The most charitable suburbs in Australia

Nick Laham/Getty Images

It’s been a tough period for Australian household finances over the past year.

Mortgage rates have increased for many families, wage growth remains weak, and going backwards for those in the private sector, while gas and utility prices have spiked, placing further pressure on already stretched household budgets.

There are signs that households are cutting back spending in discretionary areas, especially in recent months.

On those metrics at least, it’s been a difficult period even with a strong run of employment growth.

However, despite those challenges, Australians still remain a charitable bunch with donations lifting modestly in the 12 months to August this year.

According to the National Australia Bank’s (NAB) Charitable Giving Index, donations increased by 1.4% over this period, taking the increase from 2010 to 37%.

The average donation size now stands at $355 per donor.

By age group, donations from Australians aged 55 years and older grew at a faster pace than the national average, while those aged 34 years and younger continued to decline, maintaining the trend seen over the past few years.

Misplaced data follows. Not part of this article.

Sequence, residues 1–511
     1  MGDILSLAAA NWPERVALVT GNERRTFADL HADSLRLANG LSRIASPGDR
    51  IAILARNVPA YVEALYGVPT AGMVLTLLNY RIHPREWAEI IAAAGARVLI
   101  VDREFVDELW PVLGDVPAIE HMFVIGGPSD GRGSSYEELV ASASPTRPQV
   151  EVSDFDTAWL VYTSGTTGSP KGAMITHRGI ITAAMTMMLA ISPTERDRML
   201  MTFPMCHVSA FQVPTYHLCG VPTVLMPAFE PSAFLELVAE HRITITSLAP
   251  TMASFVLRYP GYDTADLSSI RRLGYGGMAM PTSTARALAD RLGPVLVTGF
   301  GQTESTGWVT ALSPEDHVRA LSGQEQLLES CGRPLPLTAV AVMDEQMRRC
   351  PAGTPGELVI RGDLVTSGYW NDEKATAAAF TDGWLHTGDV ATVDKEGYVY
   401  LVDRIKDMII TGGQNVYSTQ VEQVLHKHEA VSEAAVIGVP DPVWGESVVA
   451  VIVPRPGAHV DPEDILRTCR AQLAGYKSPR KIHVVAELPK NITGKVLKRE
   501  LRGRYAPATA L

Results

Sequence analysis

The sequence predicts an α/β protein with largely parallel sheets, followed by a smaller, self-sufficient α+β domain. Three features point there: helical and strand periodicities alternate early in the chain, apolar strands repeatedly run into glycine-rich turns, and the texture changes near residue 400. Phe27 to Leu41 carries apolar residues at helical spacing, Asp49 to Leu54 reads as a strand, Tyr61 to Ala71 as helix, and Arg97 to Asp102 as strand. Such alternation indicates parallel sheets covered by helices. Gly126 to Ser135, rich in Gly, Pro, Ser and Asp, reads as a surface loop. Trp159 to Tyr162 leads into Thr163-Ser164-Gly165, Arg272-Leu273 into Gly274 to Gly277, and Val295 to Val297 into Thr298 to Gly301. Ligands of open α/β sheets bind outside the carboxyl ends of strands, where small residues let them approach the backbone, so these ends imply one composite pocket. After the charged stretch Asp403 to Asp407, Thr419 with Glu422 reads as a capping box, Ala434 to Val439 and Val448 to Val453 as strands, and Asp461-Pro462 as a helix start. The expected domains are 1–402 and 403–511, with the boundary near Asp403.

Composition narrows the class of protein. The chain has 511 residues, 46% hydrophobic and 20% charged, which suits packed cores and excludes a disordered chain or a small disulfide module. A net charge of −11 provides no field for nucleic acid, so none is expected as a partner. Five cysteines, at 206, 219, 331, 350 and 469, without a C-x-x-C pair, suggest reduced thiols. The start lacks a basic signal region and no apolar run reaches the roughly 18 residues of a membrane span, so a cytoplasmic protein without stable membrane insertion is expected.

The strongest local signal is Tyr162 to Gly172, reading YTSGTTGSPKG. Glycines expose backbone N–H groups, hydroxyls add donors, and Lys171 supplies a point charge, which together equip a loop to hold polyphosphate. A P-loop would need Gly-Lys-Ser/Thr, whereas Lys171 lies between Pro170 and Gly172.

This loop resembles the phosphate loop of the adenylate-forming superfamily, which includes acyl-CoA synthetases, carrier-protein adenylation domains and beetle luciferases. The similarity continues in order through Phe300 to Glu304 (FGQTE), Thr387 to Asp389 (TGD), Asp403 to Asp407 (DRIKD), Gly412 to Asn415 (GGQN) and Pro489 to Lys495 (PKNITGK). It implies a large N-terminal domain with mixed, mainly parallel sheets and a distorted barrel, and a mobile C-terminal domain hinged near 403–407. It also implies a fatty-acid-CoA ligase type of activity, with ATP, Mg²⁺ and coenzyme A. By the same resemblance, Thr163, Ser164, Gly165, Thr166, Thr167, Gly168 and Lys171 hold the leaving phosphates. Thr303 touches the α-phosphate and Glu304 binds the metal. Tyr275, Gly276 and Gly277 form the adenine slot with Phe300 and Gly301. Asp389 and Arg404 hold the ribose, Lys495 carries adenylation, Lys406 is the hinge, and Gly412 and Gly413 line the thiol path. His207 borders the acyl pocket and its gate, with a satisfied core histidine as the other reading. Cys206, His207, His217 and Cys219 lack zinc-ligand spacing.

Source: NAB

By state, donations in South Australia grew at a faster pace than other parts of the country. Western Australia and the Northern Territory, areas recovering following the slump in commodity prices and investment in prior years, continued to lag the national average even though the decline in donation levels slowed.

Source: NAB

The most charitable suburb in donation size was Woollahra in New South Wales, edging out Cremorne (NSW) and Toorak (VIC) for top spot during the year.

Source: NAB

“The 20 most postcodes are typically high income areas, enjoying an average income of around $120,000, double the national average of just under $60,000,” the NAB says.

These figures are derived as the average donation per person per suburb.

As a percentage of taxable income, the most generous suburbs in Australia were Fitzroy North in Victoria and Sturt in South Australia allocating 0.4% of income to charitable purposes.

Source: NAB

Looking ahead, Alan Oster, chief economist at the NAB, says that charitable giving will likely face challenges from cost of living pressures.

“Donors face headwinds from high household debt levels, slow wages growth and high utility prices, all of which may impact their desire to spend,” he says.

“But as wages growth slowly inches up and unemployment improves, we hope to see further growth in charitable donations.”

The index is produced by Quantium and includes donations via credit card, direct debit, BPAY and EFTPOS, but not from cash or direct transfers from bank accounts.

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